• The augmented auditory perception technique embodiments described herein generally provide a visually impaired person with the ability to auditorily determine the spatial geometry of his current physical environment. The augmented auditory perception technique embodiments are advantageous for various reasons including, but not limited to, the following. As will be appreciated from the more detailed description that follows, the augmented auditory perception technique embodiments allow the visually impaired person to auditorily determine the spatial geometry of his current physical environment regardless of whether or not the environment includes any sound sources that are actively generating sound (such as the aforementioned music and voices, among others). The augmented auditory perception technique embodiments also allow the visually impaired person to determine the current location of objects and passageways in his physical environment which do not intrinsically make noise, such as furniture, walls, doorways, stairs, and curbs, among others. Furthermore, the augmented auditory perception technique embodiments are not constrained to operating in the immediate vicinity of the visually impaired person. Rather, the augmented auditory perception technique embodiments are operational far beyond the immediate vicinity of the visually impaired person. Additionally, it is quite natural for the visually impaired person to comprehend and accurately interpret the spatialized audio that is generated for them by the augmented auditory perception technique embodiments.
  • 2.1 Environmental Framework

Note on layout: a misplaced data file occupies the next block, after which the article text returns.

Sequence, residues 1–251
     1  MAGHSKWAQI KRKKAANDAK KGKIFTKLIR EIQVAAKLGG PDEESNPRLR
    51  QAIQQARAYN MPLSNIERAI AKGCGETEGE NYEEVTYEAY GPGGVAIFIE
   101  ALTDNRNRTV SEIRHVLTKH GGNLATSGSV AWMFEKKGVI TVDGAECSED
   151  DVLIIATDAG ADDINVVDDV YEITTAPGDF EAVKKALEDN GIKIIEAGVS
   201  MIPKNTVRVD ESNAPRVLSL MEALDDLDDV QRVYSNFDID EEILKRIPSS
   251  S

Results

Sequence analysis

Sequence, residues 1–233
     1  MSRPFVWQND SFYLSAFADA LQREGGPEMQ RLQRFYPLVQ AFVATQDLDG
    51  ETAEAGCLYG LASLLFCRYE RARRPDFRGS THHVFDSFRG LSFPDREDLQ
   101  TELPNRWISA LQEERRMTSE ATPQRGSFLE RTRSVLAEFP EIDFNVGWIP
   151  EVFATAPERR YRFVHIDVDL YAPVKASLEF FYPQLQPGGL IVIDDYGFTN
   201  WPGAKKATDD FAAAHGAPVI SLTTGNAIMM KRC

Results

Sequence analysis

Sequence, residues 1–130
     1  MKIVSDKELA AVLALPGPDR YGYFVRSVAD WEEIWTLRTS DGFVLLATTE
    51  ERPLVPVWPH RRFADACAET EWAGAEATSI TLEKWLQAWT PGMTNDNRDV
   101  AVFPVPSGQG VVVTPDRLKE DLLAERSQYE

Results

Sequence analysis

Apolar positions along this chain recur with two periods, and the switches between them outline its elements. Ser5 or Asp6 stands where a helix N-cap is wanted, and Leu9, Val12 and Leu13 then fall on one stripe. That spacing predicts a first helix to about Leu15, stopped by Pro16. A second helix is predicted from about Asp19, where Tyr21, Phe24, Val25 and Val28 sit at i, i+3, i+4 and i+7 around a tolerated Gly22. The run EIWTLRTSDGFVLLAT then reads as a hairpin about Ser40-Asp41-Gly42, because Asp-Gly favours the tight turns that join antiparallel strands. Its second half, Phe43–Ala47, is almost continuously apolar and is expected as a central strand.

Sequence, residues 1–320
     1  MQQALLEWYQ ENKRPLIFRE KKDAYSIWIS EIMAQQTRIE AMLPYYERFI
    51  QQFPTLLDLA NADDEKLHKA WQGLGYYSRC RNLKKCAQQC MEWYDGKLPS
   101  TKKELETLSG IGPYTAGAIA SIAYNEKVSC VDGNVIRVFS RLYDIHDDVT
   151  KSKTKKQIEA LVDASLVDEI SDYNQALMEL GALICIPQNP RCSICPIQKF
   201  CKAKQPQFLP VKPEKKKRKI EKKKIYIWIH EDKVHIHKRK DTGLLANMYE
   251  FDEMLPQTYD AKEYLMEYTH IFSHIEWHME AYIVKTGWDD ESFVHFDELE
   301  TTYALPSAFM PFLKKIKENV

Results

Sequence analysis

• FIG. 1 illustrates an exemplary embodiment, in simplified form, of an environmental framework for implementing the augmented auditory perception technique embodiments described herein. As exemplified in FIG. 1, a visually impaired person 102 is physically located within a room 100 that includes walls 122, a doorway 116, a table 106, a couch 114, two plants 108 and 110, a dog 112 and another person 104. The visually impaired person 102 holds a standalone environment sensing device 118 in one of his hands. The visually impaired person 102 can hold the sensing device 118 in either of his hands or both of his hands at the same time. The visually impaired person 102 can also move the sensing device 118 from one hand to the other at will. As will be described in more detail hereafter, rather than the sensing device 118 being held by the visually impaired person 102, alternate embodiments (not shown) of the environmental framework are also possible where the sensing device can be worn by the visually impaired person. It will thus be appreciated that the sensing device is mobile since it generally moves in conjunction with the visually impaired person as he moves about his physical environment.